The State Department of Health is warning Mississippians to avoid exposure to mosquitoes. MPB's Ashley Norwood reports on what experts say is the beginning of West Nile season.
Cheney Spence says almost six years ago he was diagnosed with West Nile Virus. He was in and out of consciousness for weeks. The 55-year-old resident of Brandon says some of those days he can't remember and other days he'll never forget.
"My eyes had become sensitive to light. It was almost like I had a migraine where any noise or sound was difficult to deal with. I went to work that day. I told my boss, if he needed me, I would be in my office with the door closed with the lights out laying on the floor," said Spence.
The Mississippi State Department of Health has confirmed this year's first case of West Nile virus in Hinds County.
Dr. Paul Byers is the state epidemiologist.
"This type of mosquito is a southern house mosquito. It can breed and lay eggs in any very small collection of water. It's important to look around at your property and identify those places where mosquitoes can breed and dump them out," said Byers.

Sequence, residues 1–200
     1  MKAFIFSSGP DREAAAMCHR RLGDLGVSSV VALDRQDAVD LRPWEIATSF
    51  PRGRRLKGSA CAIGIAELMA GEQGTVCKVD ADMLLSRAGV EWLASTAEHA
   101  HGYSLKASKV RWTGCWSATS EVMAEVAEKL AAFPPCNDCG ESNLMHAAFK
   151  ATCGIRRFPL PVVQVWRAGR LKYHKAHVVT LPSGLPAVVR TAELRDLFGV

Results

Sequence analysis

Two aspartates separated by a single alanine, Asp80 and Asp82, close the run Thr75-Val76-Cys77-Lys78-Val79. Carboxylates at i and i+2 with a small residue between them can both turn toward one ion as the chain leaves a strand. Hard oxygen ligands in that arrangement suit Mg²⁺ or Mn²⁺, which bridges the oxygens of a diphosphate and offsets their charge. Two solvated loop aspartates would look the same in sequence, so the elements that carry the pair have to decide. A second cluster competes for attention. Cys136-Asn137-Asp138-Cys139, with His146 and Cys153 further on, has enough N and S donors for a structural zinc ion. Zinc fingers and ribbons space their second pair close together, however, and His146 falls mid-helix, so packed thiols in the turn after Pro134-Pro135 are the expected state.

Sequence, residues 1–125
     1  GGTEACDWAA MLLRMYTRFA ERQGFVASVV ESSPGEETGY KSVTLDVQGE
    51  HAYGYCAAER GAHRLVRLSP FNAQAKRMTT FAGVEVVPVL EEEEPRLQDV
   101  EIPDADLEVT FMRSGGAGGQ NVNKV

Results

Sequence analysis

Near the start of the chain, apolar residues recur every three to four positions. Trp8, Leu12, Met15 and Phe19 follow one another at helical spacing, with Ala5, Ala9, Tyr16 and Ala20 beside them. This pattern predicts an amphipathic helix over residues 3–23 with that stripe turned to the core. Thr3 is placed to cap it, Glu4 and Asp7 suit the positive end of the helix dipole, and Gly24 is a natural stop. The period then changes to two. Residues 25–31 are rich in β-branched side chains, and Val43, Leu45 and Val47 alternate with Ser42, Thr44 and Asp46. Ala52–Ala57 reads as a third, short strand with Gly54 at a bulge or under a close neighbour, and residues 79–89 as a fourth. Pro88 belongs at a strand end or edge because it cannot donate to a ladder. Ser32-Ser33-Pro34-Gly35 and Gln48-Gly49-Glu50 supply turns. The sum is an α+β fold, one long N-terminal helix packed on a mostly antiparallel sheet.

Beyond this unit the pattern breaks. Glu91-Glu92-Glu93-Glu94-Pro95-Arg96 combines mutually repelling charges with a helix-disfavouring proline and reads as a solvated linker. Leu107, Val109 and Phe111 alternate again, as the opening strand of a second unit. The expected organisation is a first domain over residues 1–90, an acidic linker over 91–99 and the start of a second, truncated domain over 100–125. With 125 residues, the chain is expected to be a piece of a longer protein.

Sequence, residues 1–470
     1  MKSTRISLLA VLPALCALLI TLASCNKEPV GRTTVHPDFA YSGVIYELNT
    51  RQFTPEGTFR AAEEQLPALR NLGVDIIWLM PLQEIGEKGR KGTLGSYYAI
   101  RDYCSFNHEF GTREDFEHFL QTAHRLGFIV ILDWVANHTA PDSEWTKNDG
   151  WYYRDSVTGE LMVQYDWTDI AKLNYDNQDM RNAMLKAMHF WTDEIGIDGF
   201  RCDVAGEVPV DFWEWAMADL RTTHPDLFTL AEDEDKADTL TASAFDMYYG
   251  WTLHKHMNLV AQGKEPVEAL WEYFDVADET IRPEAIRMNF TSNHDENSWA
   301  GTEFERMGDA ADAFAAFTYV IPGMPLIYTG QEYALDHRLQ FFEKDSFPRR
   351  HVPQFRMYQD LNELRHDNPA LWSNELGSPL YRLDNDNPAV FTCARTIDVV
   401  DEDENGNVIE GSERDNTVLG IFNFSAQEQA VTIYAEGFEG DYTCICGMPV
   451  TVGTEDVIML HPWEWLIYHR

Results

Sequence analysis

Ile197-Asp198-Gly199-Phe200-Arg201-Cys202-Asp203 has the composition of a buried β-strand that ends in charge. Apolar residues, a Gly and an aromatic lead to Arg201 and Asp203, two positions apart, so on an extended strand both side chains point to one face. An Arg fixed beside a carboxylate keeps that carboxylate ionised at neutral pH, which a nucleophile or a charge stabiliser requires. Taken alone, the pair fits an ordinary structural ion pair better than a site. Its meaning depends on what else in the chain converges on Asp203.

Byers suggests avoiding outside activities during dusk and dawn. If not, he says to be sure to wear repellent.
West Nile survivor Spence says he has recovered, but still deals with common symptoms such as weakness, nausea and headaches.
"It's important for people to protect themselves from mosquito bites because West Nile is not just a virus that you contract and it goes away when you're supposedly over it. West Nile will affect you for the rest of your life," said Spence.
In 2017, Mississippi reported 63 West Nile cases and two deaths. Ashley Norwood, MPB News.